The main job of the kidneys is to remove waste from the blood and return the cleaned blood back to the body. Kidney failure means the kidneys are no longer able to remove waste and maintain the level of fluid and salts that the body needs.
One cause of kidney failure is diabetes mellitus, a condition characterised by high blood glucose (sugar) levels. Over time, the high levels of sugar in the blood damage the millions of tiny filtering units within each kidney.
This eventually leads to kidney failure.
Around 20 to 30 per cent of people with diabetes develop kidney disease (diabetic nephropathy), although not all of these will progress to kidney failure.
A person with diabetes is susceptible to nephropathy whether they use insulin or not. The risk is related to the length of time the person has diabetes.
There is no cure for diabetic nephropathy, and treatment is lifelong. Another name for the condition is diabetic glomerulosclerosis.
People with diabetes are also at risk of other kidney problems, including narrowing of the arteries to the kidneys, called renal artery stenosis or renovascular disease.
Symptoms of kidney failure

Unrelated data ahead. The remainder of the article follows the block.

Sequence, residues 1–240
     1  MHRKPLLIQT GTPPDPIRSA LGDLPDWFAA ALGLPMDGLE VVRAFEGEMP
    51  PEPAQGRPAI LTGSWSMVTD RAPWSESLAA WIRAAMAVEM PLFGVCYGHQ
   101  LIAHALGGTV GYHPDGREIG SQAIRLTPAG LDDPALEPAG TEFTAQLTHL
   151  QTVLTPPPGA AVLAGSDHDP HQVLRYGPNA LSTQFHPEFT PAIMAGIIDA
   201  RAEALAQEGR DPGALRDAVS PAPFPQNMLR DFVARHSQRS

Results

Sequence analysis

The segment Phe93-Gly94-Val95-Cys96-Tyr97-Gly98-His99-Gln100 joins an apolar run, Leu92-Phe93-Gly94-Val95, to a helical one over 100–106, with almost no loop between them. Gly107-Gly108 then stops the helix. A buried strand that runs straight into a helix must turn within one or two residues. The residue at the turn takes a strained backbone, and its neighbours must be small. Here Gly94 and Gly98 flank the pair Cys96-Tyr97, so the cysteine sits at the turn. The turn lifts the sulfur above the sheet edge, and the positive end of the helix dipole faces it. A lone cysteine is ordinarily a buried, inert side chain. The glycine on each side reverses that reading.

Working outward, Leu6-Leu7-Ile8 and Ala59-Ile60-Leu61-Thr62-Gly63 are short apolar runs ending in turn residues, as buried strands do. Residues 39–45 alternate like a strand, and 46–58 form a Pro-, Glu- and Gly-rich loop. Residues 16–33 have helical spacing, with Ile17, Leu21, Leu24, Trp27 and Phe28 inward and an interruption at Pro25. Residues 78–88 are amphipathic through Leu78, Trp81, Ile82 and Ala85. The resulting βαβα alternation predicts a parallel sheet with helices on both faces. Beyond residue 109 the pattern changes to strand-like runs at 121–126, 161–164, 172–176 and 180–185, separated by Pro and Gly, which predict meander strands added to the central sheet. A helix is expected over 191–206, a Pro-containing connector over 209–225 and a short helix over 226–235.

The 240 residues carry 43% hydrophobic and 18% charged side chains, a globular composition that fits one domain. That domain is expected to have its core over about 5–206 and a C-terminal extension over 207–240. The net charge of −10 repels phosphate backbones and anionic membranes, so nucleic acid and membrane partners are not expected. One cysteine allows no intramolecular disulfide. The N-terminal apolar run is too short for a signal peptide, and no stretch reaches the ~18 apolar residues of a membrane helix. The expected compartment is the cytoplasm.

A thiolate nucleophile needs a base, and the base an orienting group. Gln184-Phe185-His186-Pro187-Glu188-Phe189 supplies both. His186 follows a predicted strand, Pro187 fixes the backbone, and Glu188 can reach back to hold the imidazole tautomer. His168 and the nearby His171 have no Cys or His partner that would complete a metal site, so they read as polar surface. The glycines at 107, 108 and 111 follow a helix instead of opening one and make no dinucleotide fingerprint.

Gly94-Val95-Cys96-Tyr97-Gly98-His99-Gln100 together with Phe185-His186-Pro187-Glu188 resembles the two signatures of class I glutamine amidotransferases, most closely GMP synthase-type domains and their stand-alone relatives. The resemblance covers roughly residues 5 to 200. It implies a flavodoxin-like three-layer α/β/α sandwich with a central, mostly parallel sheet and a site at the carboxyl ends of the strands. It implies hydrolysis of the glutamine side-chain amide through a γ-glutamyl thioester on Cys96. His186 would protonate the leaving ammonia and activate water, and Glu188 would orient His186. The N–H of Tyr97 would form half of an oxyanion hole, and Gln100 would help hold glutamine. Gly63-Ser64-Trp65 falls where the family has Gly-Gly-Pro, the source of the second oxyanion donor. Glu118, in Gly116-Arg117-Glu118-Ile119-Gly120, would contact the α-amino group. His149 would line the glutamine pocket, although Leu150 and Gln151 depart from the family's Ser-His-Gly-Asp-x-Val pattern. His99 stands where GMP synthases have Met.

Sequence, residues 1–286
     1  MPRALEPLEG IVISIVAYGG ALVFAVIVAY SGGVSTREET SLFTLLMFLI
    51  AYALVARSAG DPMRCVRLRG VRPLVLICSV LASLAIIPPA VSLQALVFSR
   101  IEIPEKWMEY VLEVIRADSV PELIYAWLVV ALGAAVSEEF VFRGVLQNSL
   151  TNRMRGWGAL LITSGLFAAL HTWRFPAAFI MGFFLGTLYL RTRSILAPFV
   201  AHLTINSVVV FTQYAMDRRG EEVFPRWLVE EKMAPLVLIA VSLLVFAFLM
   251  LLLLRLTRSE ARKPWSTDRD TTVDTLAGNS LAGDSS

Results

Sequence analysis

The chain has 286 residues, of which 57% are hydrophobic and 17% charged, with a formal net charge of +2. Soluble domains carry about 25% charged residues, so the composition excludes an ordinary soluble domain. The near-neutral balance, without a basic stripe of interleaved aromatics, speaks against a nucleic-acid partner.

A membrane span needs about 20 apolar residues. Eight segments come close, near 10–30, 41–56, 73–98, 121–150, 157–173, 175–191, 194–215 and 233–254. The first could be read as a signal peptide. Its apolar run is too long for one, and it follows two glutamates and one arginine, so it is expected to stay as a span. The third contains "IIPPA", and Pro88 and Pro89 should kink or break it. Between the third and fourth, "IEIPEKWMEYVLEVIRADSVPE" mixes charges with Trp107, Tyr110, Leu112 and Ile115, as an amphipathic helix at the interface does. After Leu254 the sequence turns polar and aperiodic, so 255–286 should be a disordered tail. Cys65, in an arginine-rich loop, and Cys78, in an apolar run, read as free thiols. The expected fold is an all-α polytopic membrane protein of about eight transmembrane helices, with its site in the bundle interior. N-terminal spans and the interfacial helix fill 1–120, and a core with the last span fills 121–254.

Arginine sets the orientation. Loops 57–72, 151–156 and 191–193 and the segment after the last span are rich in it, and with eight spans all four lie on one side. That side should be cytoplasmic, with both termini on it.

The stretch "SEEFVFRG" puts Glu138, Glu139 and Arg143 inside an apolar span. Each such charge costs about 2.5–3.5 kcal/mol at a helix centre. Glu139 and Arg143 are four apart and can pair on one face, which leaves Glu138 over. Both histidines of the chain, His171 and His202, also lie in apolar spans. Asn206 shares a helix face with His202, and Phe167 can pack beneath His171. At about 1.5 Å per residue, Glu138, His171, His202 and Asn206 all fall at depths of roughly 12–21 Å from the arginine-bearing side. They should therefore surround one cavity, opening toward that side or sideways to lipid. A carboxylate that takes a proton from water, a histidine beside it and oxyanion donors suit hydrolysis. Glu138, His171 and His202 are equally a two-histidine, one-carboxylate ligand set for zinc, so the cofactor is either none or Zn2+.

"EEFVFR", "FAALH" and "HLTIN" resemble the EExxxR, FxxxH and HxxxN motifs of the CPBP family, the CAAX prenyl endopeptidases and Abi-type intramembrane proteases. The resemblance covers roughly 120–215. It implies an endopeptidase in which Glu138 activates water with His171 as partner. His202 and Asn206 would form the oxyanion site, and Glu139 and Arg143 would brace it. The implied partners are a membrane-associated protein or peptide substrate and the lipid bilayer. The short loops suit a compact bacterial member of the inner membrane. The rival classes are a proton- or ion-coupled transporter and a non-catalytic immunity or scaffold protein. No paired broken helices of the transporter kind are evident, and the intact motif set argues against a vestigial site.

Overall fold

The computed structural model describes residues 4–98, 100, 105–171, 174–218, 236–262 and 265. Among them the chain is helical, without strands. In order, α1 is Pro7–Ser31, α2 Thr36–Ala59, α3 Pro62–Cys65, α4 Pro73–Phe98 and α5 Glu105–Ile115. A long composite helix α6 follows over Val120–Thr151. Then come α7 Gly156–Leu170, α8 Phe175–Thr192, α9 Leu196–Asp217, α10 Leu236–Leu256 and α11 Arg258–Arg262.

For people with diabetes, kidney problems are usually picked up during a check-up by their doctor. Occasionally, a person can have type 2 diabetes without knowing it.
This means their unchecked high blood sugar levels may be slowly damaging their kidneys. At first, the only sign is high protein levels in the urine, but this has no symptoms.
It may be years before the kidneys are damaged severely enough to cause symptoms. Some of the symptoms may include:
- Fluid retention (oedema of the legs or face)
The human body has two kidneys, one on either side of the spine beneath the lower ribs. Inside each kidney are about one million tiny units called nephrons.
Each nephron consists of a small filter (glomerulus) attached to a tubule. Water that contains waste is separated from the blood by the filters and directed into the tubules. Much of the water is returned to the blood by the tubules, while the wastes are concentrated into urine.
The urine is collected from the tubules by a funnel-like structure (renal pelvis). From there, the urine flows down a tube (ureter) that joins each kidney to the bladder.
Urine leaves the bladder via the urethra, the thin tube that connects to the outside of the body.
Kidneys affected by diabetic nephropathy no longer work efficiently, and trace amounts of protein appear in the urine (microalbuminuria).
The retained water and salts cause the characteristic fluid retention and, frequently, the blood pressure begins to rise.
How Does Diabetes Cause Kidney Disease?
When our bodies digest the protein we eat, the process creates waste products. In the kidneys, millions of tiny blood vessels (capillaries) with even tinier holes in them act as filters.
As blood flows through the blood vessels, small molecules such as waste products squeeze through the holes.
These waste products become part of the urine. Useful substances, such as protein and red blood cells, are too big to pass through the holes in the filter and stay in the blood.